Differences in Literacy Scores among Students Who Attended School-Based Prekindergarten, Head Start, and No Prekindergarten
School of Education
Doctor of Education (EdD)
Head Start, literacy, prekindergarten, school-based prekindergarten
Curriculum and Instruction | Curriculum and Social Inquiry | Education | Educational Assessment, Evaluation, and Research | Gifted Education
Hughes, Melissa, "Differences in Literacy Scores among Students Who Attended School-Based Prekindergarten, Head Start, and No Prekindergarten" (2015). Doctoral Dissertations and Projects. 1115.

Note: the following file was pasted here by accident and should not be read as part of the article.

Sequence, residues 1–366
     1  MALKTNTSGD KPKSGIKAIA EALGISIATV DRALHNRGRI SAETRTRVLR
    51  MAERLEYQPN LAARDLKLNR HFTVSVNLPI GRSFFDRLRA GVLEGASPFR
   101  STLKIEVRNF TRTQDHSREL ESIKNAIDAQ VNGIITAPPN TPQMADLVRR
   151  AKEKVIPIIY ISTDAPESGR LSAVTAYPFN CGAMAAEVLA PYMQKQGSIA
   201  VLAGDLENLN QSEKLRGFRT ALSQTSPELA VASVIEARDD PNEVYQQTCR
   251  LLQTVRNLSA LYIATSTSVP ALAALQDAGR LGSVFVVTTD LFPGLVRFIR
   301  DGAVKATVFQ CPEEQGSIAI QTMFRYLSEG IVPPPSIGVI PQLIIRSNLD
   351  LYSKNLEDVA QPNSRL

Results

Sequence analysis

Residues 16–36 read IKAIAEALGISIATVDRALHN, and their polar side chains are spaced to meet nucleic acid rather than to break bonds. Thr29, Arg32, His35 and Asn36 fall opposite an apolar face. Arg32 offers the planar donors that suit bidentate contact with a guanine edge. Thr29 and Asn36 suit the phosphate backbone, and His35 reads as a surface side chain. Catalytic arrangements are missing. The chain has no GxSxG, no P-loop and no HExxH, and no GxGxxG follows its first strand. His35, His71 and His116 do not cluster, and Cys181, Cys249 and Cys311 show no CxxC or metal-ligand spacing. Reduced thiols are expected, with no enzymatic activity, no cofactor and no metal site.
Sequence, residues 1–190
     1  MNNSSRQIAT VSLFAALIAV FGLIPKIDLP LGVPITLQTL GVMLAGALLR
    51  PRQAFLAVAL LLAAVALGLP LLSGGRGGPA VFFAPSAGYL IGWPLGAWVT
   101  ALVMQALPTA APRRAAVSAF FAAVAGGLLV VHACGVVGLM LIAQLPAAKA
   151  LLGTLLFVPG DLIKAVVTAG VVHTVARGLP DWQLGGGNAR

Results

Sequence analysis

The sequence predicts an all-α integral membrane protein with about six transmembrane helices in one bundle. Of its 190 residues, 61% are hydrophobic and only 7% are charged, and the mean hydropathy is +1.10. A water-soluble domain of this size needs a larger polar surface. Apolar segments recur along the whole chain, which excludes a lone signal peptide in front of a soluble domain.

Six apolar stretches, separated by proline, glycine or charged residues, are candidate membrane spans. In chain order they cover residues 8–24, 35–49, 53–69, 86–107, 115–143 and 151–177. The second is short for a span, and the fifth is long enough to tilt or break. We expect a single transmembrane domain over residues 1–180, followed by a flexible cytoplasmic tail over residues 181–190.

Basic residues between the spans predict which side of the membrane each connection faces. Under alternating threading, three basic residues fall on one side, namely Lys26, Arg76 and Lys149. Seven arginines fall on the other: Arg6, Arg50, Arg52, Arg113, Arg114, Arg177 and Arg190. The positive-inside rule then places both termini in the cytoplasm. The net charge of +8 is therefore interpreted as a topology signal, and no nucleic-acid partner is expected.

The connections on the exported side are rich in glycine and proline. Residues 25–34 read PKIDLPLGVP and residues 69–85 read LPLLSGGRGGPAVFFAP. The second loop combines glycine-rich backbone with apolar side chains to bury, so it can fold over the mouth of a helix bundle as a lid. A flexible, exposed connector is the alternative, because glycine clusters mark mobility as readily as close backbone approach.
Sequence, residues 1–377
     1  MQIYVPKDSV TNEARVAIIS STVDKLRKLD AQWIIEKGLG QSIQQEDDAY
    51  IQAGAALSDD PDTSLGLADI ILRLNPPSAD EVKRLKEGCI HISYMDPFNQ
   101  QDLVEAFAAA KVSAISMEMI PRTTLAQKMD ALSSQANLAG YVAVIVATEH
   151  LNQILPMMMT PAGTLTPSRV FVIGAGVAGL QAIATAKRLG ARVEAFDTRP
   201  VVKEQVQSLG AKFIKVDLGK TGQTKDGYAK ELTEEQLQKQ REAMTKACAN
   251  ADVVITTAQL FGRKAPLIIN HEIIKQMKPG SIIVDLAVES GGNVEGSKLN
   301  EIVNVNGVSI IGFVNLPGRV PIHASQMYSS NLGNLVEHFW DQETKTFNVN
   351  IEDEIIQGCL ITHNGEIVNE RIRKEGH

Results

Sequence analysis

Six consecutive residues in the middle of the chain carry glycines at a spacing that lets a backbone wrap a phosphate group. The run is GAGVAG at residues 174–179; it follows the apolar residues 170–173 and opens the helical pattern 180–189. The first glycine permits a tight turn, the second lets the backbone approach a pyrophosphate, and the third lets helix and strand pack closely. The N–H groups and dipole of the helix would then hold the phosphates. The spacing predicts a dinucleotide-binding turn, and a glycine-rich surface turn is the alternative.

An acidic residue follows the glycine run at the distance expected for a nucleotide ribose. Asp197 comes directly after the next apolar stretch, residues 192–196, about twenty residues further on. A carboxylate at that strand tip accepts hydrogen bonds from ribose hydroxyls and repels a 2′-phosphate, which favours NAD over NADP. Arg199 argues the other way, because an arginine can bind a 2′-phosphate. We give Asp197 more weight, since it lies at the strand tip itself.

With no state-funded prekindergarten program in Mississippi, some school districts have chosen to divert Title I funds to the creation of school-based prekindergarten programs. This study looked at archival data to determine differences in the beginning of the year kindergarten scores between students who attended local Head Start programs (n = 41), students who attended school-based prekindergarten programs (n = 64) in schools that use Title-I funds to support such programs, and students who did not attend prekindergarten (n = 31). The study sought to examine the question of whether a difference existed in the overall scaled score of the STAR Early Literacy test of these three groups of students at the beginning of the kindergarten year. This study also examined whether or not there was any interaction between the type of prekindergarten education received and the gender of the students. This study used data from a district administered test to examine STAR score results, and thus used an ex post facto design. Analysis was conducted using a Two-Way ANOVA and a significant difference was found among students who attended these three program types differed in their STAR Early Literacy score. Post-hoc analysis concluded that significance differences existed between Head Start and school-based prekindergarten. No differences based on gender were found. Future research should look at the specific aspects of school-based programs to determine what characteristics contribute to their effectiveness.
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